- Conor McGregor: Zingano Looked Rushed
- Jon Jones’ Legal Team Looking Into Possible Foul Play Regarding January Drug Test
- Andrei Arlovski Would Love A Rematch With Fedor Emeliananko
- Anthony Pettis Believes He Can Take Over As UFC’s Top Star
- Hostilities Rise Between Cyborg and Ronda Rousey Camp
- Anderson Silva Surprised By Drug Test Drama, Talks Rematch With Nick Diaz
- Fedor Emelianenko Reveals That Russian Fighters Won’t Take His Advice
- Kelvin Gastelum, Efrain Escudero Named TUF: Latin America 2 Coaches
- UFC 193 Official In Melbourne
- What’s The Point Of Debating Ronda Rousey’s Ability To Defeat Male Fighters?
Bellator 104 Recap: Rick Hawn Proves A Solid Boxer For A Judoka
Bellator 104 from the U.S. Cellular Center in Cedar Rapids, Iowa has concluded and the fireworks that were hoped for failed to materialize. The card, as broadcast on SPIKE TV, was not bad, but it wasn’t great either.
The best fight of the night was clearly the top of the card bout, between Rick Hawn and Brent Weedman. Weedman did his best to be a worthy opponent, but Hawn was too everything; difficult to find, takedown, hit; anything.
My guess is that Hawn will probably defeat Ron Keslar, the other winner in tonight’s tournament and advance to the championship, to face Ben Askren; should Askren be signed to the fight. If so, Askren may well have a hard time taking the Olympian down.
As to Kendal Grove, he looked pretty good and as against a solid wrestler who was both game and in shape. “Da Spidda” still needs to improve his wrestling, tighten up his ground game and improve his Octagon IQ, but make no doubt about it, his stand-up is pretty serious.
The results of the evening are as follows:
Fight #1: Peter Graham vs. Eric Prindle
There’s not much to say about this fight other than it was, for the most part a yawn. Prindle, who is just enormous (cuts weight to hit 265), came out strong, but other than some come forward boxing had little else. Graham quickly took the round over and started showing Prindle that technique will always beat size and raw power. After delivering some heavy shots, Prindle was dropped to the ground and Graham began to land a vicious beating, opening up a big cut on Prindle’s forehead, but he somehow survived and got back up. Round two broke and midway through both fighters were gassed. From then on, the fight looked more like a slow barroom brawl between two drunken men. There is little to remember. The highlight of the fight might have been literally at the end of round three, when Graham dropped Prindle with a front snap kick. On that note, he was probably saved by the bell; winner by unanimous decision, Peter Graham.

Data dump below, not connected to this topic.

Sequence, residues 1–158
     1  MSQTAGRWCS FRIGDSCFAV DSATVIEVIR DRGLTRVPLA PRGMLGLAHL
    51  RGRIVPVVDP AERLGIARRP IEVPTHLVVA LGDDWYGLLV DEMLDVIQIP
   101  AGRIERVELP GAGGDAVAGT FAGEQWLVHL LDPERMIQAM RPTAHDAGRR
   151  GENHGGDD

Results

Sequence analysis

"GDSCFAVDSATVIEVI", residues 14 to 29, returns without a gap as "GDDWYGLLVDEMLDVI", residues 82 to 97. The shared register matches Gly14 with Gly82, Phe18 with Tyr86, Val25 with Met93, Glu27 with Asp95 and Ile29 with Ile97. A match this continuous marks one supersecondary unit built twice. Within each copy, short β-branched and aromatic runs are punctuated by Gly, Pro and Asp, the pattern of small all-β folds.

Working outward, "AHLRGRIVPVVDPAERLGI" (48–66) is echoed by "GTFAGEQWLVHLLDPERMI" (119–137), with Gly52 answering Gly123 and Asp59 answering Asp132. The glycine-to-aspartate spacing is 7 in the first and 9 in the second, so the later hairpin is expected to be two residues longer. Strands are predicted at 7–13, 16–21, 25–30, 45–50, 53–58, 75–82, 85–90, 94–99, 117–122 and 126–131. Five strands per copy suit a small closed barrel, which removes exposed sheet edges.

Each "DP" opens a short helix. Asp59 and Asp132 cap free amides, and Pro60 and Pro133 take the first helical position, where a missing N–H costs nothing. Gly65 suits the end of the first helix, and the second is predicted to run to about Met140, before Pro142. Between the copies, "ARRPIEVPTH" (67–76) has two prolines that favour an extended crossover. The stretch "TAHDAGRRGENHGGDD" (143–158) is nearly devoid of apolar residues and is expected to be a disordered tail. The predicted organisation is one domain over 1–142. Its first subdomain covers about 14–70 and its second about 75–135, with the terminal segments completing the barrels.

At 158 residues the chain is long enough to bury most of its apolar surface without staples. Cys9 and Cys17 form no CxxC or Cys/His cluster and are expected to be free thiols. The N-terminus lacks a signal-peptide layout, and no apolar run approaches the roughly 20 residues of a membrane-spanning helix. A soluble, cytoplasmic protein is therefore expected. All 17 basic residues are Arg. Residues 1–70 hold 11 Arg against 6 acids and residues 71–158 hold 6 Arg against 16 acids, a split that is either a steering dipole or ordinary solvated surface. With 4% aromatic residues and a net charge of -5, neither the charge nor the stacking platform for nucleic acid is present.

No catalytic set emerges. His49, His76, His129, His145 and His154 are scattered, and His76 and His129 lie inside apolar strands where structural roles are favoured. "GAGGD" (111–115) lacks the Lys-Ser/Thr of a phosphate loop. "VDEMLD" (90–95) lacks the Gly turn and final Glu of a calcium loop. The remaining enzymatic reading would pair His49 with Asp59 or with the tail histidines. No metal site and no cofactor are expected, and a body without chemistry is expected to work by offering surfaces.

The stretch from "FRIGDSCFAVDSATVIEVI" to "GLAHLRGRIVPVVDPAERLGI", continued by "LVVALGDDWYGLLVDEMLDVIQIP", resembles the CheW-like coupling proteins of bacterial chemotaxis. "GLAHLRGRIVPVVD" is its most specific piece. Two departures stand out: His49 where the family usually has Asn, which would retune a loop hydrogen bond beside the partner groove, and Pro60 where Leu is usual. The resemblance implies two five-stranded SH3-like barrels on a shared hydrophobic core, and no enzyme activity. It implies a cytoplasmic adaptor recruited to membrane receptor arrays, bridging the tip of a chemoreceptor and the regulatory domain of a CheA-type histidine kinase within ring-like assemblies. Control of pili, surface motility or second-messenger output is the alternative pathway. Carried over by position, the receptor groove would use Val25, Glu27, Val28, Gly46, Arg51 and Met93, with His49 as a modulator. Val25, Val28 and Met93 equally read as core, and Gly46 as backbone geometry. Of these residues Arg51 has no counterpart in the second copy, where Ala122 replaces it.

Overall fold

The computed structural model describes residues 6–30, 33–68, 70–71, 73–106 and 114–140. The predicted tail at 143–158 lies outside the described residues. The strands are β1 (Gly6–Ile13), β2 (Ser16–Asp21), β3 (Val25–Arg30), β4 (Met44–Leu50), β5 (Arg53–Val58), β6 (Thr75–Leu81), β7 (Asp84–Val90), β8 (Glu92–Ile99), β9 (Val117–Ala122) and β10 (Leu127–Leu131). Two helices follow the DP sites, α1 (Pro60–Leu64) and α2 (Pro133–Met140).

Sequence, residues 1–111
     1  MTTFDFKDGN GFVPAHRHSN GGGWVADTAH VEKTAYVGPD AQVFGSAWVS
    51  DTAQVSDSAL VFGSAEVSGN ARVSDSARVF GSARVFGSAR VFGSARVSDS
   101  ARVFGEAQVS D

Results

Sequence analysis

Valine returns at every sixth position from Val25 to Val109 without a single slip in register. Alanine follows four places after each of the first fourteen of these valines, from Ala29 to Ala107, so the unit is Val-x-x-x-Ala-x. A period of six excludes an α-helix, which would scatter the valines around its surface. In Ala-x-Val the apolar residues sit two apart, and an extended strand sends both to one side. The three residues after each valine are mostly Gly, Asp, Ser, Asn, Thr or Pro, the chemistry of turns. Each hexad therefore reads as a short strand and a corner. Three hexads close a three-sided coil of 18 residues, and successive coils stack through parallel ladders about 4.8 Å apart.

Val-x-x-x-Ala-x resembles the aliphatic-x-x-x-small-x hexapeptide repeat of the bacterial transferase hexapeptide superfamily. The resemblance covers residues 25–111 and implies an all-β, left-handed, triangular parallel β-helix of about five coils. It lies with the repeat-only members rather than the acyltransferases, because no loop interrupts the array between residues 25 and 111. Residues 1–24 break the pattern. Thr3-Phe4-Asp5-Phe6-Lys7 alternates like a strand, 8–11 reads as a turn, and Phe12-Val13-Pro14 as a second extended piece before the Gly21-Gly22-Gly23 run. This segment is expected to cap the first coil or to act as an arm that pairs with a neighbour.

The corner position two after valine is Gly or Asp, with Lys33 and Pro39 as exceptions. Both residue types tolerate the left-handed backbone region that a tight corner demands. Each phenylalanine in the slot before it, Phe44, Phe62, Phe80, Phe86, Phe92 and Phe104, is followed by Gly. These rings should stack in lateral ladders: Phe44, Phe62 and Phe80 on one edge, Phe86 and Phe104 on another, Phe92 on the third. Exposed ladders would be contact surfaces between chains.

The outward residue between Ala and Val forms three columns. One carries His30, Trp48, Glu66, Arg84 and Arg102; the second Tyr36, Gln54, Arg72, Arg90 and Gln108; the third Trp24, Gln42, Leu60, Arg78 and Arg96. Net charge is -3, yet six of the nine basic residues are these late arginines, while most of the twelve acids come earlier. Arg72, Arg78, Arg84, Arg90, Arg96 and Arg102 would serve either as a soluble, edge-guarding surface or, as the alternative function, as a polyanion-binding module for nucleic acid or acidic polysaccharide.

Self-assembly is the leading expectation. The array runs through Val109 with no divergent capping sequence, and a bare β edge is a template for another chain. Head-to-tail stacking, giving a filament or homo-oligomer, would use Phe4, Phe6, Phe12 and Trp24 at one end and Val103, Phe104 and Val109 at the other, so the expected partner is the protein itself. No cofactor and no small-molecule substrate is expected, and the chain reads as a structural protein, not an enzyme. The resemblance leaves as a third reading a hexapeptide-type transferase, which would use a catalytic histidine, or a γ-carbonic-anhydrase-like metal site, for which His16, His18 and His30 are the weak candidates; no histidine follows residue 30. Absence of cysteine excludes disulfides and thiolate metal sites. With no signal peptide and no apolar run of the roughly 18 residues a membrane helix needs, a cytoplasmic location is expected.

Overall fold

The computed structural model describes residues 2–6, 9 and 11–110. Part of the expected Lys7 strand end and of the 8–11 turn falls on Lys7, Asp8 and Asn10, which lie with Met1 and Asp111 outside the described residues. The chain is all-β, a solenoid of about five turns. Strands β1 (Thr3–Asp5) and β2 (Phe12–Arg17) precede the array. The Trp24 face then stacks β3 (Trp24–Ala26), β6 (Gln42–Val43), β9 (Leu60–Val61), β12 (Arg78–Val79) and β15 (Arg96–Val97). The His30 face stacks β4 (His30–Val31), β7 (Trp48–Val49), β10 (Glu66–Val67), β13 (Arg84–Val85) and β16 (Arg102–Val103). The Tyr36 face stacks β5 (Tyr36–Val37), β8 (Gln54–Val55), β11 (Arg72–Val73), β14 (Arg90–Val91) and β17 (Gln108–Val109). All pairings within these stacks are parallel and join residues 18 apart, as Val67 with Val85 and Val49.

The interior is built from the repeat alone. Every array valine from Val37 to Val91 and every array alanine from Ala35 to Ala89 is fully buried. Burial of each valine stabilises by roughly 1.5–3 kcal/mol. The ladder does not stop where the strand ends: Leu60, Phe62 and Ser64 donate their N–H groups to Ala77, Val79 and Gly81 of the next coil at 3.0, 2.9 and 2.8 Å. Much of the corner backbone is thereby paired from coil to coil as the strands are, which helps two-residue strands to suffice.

Fight #2: Kendall Grove vs. Joe Vedepo
The fight, for the most part, was all about Kendall Grove. Grove looked very good tonight, but not great. He probably could have finished this fight a number of times tonight, had he elected to use his distance consistently and stayed out of ground encounters that he could easily have avoided. The story of this fight was Grove’s transition and lack of Octagon IQ. Several times Grove had Vedepo in trouble, but every time he did, he failed to capitalize. When he dropped Vedepo to the ground or was effective from range, he chose to either follow or clinch. For the lack of capitalization, Grove then had to now work for that which he was easily earning. Grove did a lot of damage during the fight, inclusive of some big cuts and demonstrated some very solid Jiu Jitsu, while on the ground. His stand-up also looked tight. In his victory tonight, he defeated an aggressive, tough and in shape fighter. All in all, it was a decent showing; winner by unanimous decision, Kendall Grove.
Fight #3: Ron Keslar vs. War Machine
Ron Keslar came out and very calmly engaged and took War Machine down and from that point forward, he worked a methodical Jiu Jitsu game, taking “WM’s” back and delivering stiff shots, from behind. WM withstood it all and showing, skill, toughness and power, worked free of Keslar’s body triangle and worked his way back to his feet. However and even though up, WM was unable to shake free of Keslar and at that point, Keslar yanked him head first back to the ground and submitted War Machine; winner by rear-naked choke, Ron Keslar at the 3:31 mark of the first round.
Fight #4: Rick Hawn vs. Brent Weedman
The story of this fight was Rick Hawn, his boxing and his takedown defense. In a word, it was all very good. Brent Weedman came out and bell’s ring and tried to put it on Hawn and force the fight to the ground, immediately. However, Hawn would have none of it, and with that point, the point was made for the rest of the fight. Hawn proved too talented, too strong and too quick to be caught. As such Weedman had to deal with Hawn’s ever improving and impressive boxing, and he couldn’t. To the point, for a guy who is a high level Judoka, Hawn looks more like a (good) boxer, with amazing takedown defense. At the end of the day, Hawn easily won all three rounds with crisp boxing, some solid power shots, ground-and-pound as required and even a top position given up in order to force the fight back to the feet; winner by unanimous decision, Rick Hawn.
Paul Bradley vs. Karl Amoussou: Bradley defeats Amoussou via unanimous decision.
Paul Sass vs. Rod Montoya: Sass defeats Montoya via toe-hold at 2:01 mark of the first round.
Rob Emerson vs. Jared Downing: Emerson defeats Downing via heel-hook at 1:44 of the first round.
Brandon Girtz vs. Mike Estus: Girtz defeats Estus via arm-bar at the 4:25 mark of the first round.
Cliff Wright vs. Derek Loffer: Wright defeats Loffer via arm-bar at the 4:28 mark of the second round.
Andre Tieva vs. Chris Lane: Tieva defeats Lane via TKO at the 2:14 mark of the first round.